View From Here
By Katherine Veno
Everyday I am bombarded by noise. It is spring and here come the mowers, the
blowers, the trimmers, the chain saws, and I am awakened by them daily.
Preferring the sound of birds to the alarm of a gas engine, I began to think
about how quiet helps me and how noise hurts me.
I don’t like complete silence. Quiet is not silent. I just want an absence
of human generated noise. I want to hear the rain tapping against the leaves
and on the tin roof. I want to hear the chirps and songs of the birds.
When I walk beside the water I want to hear the waves lap against the shore.
In the shallow stream I want to be able to hear the gurgling of the small
waterfalls as the water rushes past.
I am lucky to be able to hear the chatter of squirrels, the purr of a cat,
the call of the hawk above. In the world of animals, quiet is essential to
the hunt. The predators must be able to hear the prey. The songbirds need to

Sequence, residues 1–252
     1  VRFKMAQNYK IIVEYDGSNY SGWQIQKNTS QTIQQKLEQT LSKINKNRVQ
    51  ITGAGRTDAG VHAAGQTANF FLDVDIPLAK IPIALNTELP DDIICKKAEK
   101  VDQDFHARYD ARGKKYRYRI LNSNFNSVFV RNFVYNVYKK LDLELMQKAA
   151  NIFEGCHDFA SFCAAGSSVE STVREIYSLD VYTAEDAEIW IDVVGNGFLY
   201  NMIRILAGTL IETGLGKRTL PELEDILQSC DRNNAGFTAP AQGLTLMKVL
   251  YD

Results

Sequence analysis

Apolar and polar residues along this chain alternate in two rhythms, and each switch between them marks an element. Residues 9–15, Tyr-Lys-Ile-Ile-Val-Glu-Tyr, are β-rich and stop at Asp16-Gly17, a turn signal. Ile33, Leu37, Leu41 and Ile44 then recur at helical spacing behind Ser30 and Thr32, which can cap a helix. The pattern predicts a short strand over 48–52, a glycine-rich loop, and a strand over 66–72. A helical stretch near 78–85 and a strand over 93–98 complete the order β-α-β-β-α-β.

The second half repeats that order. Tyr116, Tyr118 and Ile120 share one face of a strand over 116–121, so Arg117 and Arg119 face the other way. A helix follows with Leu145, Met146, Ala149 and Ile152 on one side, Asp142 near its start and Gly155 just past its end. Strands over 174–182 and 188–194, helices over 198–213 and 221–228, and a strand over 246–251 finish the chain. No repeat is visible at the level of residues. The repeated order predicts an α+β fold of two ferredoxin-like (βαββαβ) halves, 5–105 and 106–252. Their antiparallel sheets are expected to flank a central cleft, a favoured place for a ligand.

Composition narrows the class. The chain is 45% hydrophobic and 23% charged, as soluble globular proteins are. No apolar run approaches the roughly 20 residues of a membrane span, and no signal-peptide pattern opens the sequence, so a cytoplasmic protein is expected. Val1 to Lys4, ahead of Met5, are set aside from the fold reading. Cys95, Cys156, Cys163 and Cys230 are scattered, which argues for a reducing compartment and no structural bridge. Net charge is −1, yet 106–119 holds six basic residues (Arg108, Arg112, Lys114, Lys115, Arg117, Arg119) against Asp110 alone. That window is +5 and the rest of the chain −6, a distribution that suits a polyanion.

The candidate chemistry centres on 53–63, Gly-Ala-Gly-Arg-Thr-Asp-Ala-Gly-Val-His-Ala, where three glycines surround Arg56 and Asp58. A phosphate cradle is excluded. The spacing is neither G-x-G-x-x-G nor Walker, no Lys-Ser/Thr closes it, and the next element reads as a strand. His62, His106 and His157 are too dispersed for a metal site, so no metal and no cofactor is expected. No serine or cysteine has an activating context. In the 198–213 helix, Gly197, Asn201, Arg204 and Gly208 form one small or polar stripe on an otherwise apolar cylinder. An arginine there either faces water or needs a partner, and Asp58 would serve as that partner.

be able to hear the other birds in order to find a mate and survive by
building a family and reproducing.
The Rocky Mountain National Park this past December brought me a special
gift of quiet. As I sat at a snow-covered picnic table and watched wildlife
in the falling snow, I could hear the rustle of dried leaves, the sounds of
birds and the wind. It was a break from man-made noise, but it was not
Now I look for a few moments of quiet every single day. Peaceful thoughts
nourish my soul and the quiet enriches my spirit.
The noisy world we inhabit becomes so commonplace that as a species we think
nothing about it. But it raises our blood pressure, causes depression,
nervousness, anxiety, stress, headaches, mood swings and hearing problems.